Crab cakes. I could only eat one, they were the biggest appetizer crab cakes I had ever seen in my life; they were the size of hamburger patties.

Glad I saved room for a little praline sampling down the street. Some of the New Orleans hotels leave pralines on your pillow at night, instead of the usual piece of chocolate. Nothing tastes as good or feels so decadent as a bite of praline and a cup of coffee in bed the next morning!
Urban Outfitters was down the street too. These were the window sized pictures in the front window. Check out those cool hats! NO, they didn't actually carry those cool hats! What is with these bait and switch companies nowadays????
New Orleans is known for their balconies, most of which have beautiful wrought iron work. This balcony is not so scenic, but it overlooks Canal Street, and would indeed be a great place to hold an event. A place to see and be scene, and never mind the fencing.

It is really fun to people watch. A surprising number of women walk along with feather boas. Tourist, for sure. The locals were all wearing Patagonia pile jackets and knitter scarves and gloves; the temperatures had dropped to the high 60's. When your body is used to 90+ degrees most of the year, that is seriously cold for them.

It did look like overkill though when I even saw fir trimmed parka hood worn up!

Head to Toe had loads of lovely items. I bought a pair of black and a pair of white crochet gloves. I got beige my last trip, love them, and have been looking for black and white ever since.

I'll post a picture of them later....

There is only one "Must Do" when visiting New Orleans: Cafe du Monde. I believe they serve coffee and beignets 24 hours a day every day except Christmas and have been doing so at this location since the early 1800's.
One of the most romantic things in life is to walk to the Cafe in the fog on a December night and sip coffee outside in the mist next to the Mississippi River.

It is impossible to eat the beignets without getting the powdered sugar all over your face. The local custom is for prom couples to go there the morning after prom, before heading home. The girls blow the powdered sugar on their date's tuxedos.

You just have to have beignets in New Orleans.
You just do.
You have to eat them hot, with the coffee that is half milk, and fall in love with the romance of life all over again.

The waiters rush about in white shirts and paper hats, bringing the coffee and beignets to the never ending stream of people.
Here's a funny story, part 1. So I was there eating my treat when two guys sat down at the table next to me. "I LOVE your hat!" they commented. They asked if I had ever had beignets before, in thick Texas accents. I explained that I had, and that it is a MUST to do in New Orleans. It was their first visit, and they said they liked Crispy Creme donuts. We chatted briefly, and I left them to there to finish there treats.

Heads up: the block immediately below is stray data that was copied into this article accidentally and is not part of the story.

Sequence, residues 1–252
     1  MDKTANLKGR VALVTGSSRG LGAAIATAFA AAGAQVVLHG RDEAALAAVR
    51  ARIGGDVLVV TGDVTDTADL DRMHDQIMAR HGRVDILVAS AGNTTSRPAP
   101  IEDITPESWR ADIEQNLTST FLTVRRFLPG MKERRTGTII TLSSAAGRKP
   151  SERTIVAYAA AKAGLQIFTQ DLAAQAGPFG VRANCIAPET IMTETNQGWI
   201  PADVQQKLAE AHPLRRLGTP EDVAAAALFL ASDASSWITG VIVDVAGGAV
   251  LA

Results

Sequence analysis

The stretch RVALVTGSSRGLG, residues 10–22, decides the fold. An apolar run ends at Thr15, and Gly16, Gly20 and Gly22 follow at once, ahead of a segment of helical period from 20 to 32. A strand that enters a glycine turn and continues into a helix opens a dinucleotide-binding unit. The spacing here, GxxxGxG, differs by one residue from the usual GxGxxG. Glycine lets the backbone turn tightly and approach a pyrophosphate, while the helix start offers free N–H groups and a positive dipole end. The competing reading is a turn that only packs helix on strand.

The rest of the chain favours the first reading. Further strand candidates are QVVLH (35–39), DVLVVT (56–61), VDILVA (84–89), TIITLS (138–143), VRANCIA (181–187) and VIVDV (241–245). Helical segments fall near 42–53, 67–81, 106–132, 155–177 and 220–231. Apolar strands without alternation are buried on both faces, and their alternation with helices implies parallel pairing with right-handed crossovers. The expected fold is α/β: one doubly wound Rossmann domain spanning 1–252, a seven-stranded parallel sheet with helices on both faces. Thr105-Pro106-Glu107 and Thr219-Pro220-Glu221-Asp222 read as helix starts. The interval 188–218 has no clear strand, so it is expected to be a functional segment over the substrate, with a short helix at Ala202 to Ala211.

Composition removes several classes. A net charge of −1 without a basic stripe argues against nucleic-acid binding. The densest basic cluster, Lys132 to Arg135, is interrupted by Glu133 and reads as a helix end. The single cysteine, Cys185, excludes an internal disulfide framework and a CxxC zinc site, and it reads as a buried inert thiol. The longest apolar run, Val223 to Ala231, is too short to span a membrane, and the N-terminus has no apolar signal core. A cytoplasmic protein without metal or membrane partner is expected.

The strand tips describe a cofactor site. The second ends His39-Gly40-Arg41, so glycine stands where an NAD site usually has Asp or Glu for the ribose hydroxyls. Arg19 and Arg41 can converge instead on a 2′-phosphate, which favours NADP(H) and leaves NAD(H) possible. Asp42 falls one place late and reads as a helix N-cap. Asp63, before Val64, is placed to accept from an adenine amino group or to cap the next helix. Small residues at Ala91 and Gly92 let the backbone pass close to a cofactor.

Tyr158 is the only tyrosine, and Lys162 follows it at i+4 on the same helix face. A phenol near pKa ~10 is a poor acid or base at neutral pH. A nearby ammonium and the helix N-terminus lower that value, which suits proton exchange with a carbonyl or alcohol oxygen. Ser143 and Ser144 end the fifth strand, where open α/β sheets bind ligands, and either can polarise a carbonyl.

I needed to get back to the hotel by six. Bernie had flown in at 4, had meetings, and we were to attend a dinner at 6:30. It was now five thirty. Do you think I could find a cab for love or money? NO.
So I speed walked twenty blocks back to the hotel arriving at 6:05. I even went through a small parade (yes, I filmed on the hoof...) Toweled off the sweat, I threw on my charcoal black pant suit and my Fleur de Paris Scottie hat that I bought on ebay awhile back (the other hat in the first picture), and was down in the lobby right on time.

Bernie's company was meeting for dinner at Red Fish Grill, (best sea food restaurant for the last four years according to the sign; the cabbie said don't drink their tap water. Eeek. Plus oysters all over the menu, I'm allergic) I ordered soft shell crab and a mojito for a before dinner drink. I get seated next to Bernie's boss. Nice guy. Nice evening.
Between dinner and dessert, I excused myself to use the ladies room.

As I pushed my way back through the bar area, I hear a guy say loudly "God, I love that hat!"

I looked over my shoulder, and the guy goes "It's YOU again!"

Yup, the Texas guys from the beignet place. Different hat, same me. I blew them a kiss and headed back to my own man, grinning from ear to ear.

Nice to be noticed. Nicer yet to have a great guy of my own who thinks it is fun that other guys notice his wife's hat.
It's New Orleans, where everyone flirts and calls each other Darlin and Honey and Sweetie.
Even the cab drivers when you can find one.
I'm off for more fun adventures today.
Have a great day of fun yourself; all you need to do is put on a hat and go somewhere!
Trust me; life is always more fun when you are wearing a hat!